In view of the overloaded emergency rooms at public hospitals this summer, the Hospital Authority (HA) has recently advised the general public suffering from flu-like symptoms to consider the use of Chinese medicine centres.

Unprecedented pressure on emergency rooms and hospital wards

As the summer influenza season continues to overwhelm Hong Kong, public hospitals are operating beyond capacity.

Over the weekend, the emergency department of public hospitals had to treat 5,562 patients, with an additional 831 patients requiring admissions. This may seemingly be the last straw as recent admissions have pushed the occupancy rate of inpatients medical wards in hospitals to 110% of their expected capacity. Some hospitals have even exceeded that figure – with the Prince of Wales Hospital (PWH) having 126% occupancy, the United Christian Hospital (UCH) at 121%, while the Queen Elizabeth Hospital (QEH) at 120%.

In the two months between 5 May and 23 July, the flu crisis has claimed the lives of 235 patients with another 22 patients passing away in the earlier weekend.

Alleviating pressure by shifting patients to Chinese medicine centres

On the other hand, Chinese medicine centres only had 27,300 visits since the flu season first began in April – with an average of just under 250 patients per day. This combined figure – from the 18 public Chinese medicine centres available in Hong Kong (jointly managed by the authority, local universities and non-governmental organization) – is just a 1.5% increase from the year earlier.

“We haven’t seen a massive influx of patients yet. We would monitor closely with the operating NGOs and adjust operating hours and manpower if necessary,” assured Dr Eric Tat-chi Ziea, chief of HA’s Chinese medicine department. “Our outpatient clinics should be able to absorb 20 – 30% more patient visits. There should not be a problem with extending service hours too,” he added.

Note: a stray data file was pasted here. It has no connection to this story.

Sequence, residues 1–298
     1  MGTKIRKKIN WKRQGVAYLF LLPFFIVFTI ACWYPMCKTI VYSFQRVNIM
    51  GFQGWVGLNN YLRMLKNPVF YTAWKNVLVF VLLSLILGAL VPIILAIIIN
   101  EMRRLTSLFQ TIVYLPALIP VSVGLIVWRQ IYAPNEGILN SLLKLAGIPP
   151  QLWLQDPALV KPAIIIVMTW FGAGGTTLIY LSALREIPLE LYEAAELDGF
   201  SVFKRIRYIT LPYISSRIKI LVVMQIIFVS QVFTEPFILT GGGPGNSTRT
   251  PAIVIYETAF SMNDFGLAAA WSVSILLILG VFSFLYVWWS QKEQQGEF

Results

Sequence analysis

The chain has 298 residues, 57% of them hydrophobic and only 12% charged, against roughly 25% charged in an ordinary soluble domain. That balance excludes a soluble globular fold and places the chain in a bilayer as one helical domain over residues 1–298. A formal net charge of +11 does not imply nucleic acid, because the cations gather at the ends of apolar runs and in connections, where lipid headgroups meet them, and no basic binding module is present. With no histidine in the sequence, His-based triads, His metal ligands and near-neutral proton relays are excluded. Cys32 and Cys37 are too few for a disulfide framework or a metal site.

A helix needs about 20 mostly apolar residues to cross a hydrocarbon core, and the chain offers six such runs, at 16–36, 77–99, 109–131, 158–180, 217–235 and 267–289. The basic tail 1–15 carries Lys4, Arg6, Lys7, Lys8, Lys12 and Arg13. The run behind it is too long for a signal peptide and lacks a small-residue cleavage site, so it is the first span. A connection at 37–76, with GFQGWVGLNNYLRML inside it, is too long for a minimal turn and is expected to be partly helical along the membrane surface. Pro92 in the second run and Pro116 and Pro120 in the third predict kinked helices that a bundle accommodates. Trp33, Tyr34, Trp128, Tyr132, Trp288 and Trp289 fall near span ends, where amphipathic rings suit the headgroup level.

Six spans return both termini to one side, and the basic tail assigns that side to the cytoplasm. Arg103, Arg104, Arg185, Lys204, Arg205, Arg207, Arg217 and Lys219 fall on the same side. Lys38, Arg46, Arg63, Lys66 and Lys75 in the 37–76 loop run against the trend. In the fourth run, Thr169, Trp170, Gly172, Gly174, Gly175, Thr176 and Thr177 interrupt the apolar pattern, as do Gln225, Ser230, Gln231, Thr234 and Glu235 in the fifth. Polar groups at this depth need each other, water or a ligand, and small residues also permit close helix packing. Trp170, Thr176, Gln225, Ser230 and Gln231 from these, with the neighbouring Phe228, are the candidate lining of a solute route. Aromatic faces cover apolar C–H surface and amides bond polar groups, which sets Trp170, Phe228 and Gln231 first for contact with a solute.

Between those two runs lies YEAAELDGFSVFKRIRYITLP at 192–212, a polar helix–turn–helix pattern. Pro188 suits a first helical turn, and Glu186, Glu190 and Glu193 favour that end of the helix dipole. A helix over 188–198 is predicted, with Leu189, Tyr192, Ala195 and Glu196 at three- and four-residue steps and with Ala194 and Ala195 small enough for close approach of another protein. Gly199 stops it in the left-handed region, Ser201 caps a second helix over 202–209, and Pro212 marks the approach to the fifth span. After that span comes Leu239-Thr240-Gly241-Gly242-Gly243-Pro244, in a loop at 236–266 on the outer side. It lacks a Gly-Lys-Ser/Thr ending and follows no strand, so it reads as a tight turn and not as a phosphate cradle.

In addition, several traditional Chinese medicine doctors proposed to volunteer by setting up temporary posts – by the emergency rooms – to help alleviate the workload of public hospitals. Nevertheless, the proposal is subject to HA’s approval since doctors at the government-run Chinese medicine centres are not hired by the HA; but by non-governmental institutions.

Chinese medicine under-utilised in Hong Kong

Within Hong Kong, Chinese medicine centres only provide 1.1% of primary care services with room to treat many more; especially in times of need such as the ongoing flu crisis. The only problem and apprehension within the public lies in the lack of scientific evidence that Chinese medicine is able to effectively treat influenza; especially with serious outcomes such as death occuring.

Nevertheless, Ziea has reassured that the traditional Chinese approach is able to relieve symptoms such as coughing and excess sputum production.

Professor Chen Wei, the chief of Chinese medicine service at Yan Chai Chinese Medicine Centre for Training and Research has attributed to the surge in flu cases this season to the abnormal weather patterns. “It is really hot and humid this summer, with an unusually high amount of rainfall,” Chen said. “Traditional Chinese medicine practitioners believe the cause of flu is related to the environment.”

Chen went on to add that unhealthy lifestyle and diets, like staying up late or excessive consumption of cold beverages, could predispose one to the flu. Chen recommends drinking tea brewed from chrysanthemum, mint and perillae folium together – three to five times weekly – as a measure to prevent oneself from contracting flu during this summer season. Moreover, the Chinese Medicine Department has also issued a list of healthy drinks and medicines for flu prevention on their official website. MIMS

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